Epidemiological Aspects of Photocarcinogenesis
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Epidemiologically, it is hard to distinct the effects of component radiations because sunlight is considered as a whole entity. Human skin may experience either acute (immediate reaction) or chronic (repeated) sunlight exposure. UV radiation coming through sunlight is absorbed by human skin and causes various degrees of damage. However, melanin pigment in the skin acts as a natural sunscreen and absorbs and prevents from detrimental consequences of UV radiation. Repeated and extended UV exposure causes development of photoaging, i.e., premature skin aging and photocarcinogenesis. Photo-induced cancers particularly include malignant melanomas and carcinomas, i.e., basal cell carcinoma (BCC) and squamous cell carcinoma (SCC). High-UV radiation environment leads to evolution of permanently dark constitutive pigmentation which is resistant to UV radiation. However, light-skinned people experience premature skin aging on repeated exposure. Therefore, prevalence of photocarcinogenesis is highest in lightly pigmented people (Halder and Bridgeman-Shah: Cancer 75(S2):667–673, 1995). Development of photocarcinogenesis is dependent on various factors including ethnic origin, place of residence, anatomic site exposed, outdoor and indoor activities, total exposure duration, time of exposure, and ambient sunlight intensity. Photocarcinogenesis is predominantly a disease of people of European origin. Its rate is very low in Asia and in the United States. It is more frequently observed in white-skinned than dark-skinned people.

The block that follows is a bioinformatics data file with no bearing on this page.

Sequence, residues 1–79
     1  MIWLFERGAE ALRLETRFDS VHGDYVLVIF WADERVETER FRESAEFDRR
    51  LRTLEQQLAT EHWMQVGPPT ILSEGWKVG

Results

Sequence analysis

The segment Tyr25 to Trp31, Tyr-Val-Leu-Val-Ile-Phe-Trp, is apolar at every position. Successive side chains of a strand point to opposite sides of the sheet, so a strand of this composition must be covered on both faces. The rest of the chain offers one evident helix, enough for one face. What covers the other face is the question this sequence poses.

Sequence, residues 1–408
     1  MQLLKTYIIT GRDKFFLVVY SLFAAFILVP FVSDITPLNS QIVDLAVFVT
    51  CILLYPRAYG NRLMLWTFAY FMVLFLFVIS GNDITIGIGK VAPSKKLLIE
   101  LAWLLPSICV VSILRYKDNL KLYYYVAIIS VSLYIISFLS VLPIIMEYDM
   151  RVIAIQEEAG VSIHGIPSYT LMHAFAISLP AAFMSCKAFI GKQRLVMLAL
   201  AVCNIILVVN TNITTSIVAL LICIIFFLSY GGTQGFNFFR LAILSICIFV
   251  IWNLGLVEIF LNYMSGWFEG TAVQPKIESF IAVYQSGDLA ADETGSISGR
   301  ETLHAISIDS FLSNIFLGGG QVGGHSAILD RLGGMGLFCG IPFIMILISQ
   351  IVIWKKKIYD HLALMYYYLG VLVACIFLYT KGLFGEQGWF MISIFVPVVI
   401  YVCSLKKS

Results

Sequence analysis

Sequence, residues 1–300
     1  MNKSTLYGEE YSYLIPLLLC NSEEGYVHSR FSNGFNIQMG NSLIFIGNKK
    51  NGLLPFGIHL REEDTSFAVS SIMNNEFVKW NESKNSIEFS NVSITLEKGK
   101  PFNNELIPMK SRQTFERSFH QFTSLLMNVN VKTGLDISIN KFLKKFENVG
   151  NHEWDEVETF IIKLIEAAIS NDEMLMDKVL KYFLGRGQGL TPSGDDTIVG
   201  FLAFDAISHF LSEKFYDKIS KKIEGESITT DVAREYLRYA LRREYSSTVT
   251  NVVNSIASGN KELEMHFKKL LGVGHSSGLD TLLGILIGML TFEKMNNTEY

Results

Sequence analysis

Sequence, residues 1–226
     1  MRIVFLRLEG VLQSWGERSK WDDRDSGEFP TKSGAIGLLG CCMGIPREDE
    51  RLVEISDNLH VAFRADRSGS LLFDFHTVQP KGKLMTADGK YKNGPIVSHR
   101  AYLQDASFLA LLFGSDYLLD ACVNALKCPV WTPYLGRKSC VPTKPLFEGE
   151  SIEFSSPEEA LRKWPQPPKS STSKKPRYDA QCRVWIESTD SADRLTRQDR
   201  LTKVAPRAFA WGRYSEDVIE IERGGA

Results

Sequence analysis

KeywordsEpidemiology Radiation Melanin Photocarcinogenesis Carcinoma
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